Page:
Single cell decisions in endothelial population in the context of inflammatory angiogenesis
Massachusetts Institute of Technology. Dept. of Biological Engineering.
Douglas A. Lauffenburger.
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Normalizing angiogenesis is a promising strategy for treatments of cancer and several disorders plagued by misregulated blood supplies. To address the daunting complexity of angiogenesis arising from multiple phenotypic behaviors governed by multiple stimuli, computational approaches have been developed to predict sprouting angiogenic outcomes. In recent years, the agent based model, in which individual cells are modeled as autonomous decision making entities, has become an important tool for simulating complex phenomena including angiogenesis. The reliability of these models depends on model validation by quantitative experimental characterization of the cellular (agent) behaviors which so far has been lacking. To this end, I develop an experimental and computational method to semi-automatically estimate parameters describing the single-cell decision in the agent based model based on flow cytometry aggregate headcount data and single cell microscopy which yields full panel single cell trajectories of individual endothelial cells. Applying thees method to the single cell decision data, I propose two conceptual models to account for the different state transition patterns and how they are modulated in the presence of opposing inflammatory cytokines. The observed unique state transition patterns in the angiogenic endothelial cell population are consistent with one of these descriptions, the diverse population model (DPM). The DPM interpretation offers an alternative view from the traditional paradigm of cell population heterogeneity. This understanding is important in designing appropriate therapeutic agents that take effect at the cellular level to meet a tissue level therapeutic goal.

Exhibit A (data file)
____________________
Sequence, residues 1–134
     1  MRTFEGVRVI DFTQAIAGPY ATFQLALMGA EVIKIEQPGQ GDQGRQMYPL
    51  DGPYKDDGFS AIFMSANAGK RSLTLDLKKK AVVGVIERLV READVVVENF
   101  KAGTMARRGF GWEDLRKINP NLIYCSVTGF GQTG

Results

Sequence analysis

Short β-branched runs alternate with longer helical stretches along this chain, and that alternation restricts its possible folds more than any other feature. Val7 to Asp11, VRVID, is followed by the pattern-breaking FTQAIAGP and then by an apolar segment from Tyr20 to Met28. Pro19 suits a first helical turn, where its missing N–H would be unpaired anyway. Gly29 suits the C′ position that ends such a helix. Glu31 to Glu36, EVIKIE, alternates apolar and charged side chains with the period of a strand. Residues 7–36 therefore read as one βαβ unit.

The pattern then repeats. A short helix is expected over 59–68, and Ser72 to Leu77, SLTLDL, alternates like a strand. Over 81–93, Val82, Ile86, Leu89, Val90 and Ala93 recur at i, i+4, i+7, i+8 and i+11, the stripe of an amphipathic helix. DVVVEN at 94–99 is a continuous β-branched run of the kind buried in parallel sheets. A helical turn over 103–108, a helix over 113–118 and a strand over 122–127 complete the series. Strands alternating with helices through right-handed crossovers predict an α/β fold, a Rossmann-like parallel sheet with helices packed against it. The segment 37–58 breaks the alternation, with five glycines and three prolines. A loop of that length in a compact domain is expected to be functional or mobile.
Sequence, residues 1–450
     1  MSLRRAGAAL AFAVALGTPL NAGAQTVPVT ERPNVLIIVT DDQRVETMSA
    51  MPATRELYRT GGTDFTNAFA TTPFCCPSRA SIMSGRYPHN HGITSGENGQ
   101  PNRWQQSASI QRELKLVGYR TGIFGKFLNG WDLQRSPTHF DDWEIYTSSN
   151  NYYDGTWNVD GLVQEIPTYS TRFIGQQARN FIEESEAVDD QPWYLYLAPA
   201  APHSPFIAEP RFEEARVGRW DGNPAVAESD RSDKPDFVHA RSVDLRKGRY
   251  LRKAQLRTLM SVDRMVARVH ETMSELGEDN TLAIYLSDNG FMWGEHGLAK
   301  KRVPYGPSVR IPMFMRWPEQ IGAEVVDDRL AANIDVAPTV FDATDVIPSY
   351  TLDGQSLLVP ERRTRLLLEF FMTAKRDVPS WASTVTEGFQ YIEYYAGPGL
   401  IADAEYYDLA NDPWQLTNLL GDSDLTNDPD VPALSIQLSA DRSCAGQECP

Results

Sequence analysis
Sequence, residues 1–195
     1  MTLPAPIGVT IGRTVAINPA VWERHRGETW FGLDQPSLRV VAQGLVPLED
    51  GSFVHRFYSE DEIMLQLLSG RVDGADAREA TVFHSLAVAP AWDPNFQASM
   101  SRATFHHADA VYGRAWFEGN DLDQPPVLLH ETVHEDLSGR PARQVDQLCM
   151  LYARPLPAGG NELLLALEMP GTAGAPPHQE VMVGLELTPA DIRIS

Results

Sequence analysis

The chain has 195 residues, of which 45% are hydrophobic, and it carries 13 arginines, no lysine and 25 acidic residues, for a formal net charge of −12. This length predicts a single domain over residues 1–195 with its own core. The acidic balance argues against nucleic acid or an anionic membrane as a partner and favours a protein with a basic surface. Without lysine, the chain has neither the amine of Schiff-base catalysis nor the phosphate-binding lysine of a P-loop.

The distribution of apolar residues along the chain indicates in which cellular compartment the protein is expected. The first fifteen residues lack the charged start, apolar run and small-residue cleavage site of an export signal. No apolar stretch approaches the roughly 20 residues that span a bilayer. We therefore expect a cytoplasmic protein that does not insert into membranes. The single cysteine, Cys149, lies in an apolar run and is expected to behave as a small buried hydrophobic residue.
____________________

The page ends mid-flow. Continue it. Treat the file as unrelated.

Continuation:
Thesis (Ph. D.)--Massachusetts Institute of Technology, Dept. of Biological Engineering, 2012.Cataloged from PDF version of thesis.Includes bibliographical references (p. 161-171).
DepartmentMassachusetts Institute of Technology. Dept. of Biological Engineering.
Massachusetts Institute of Technology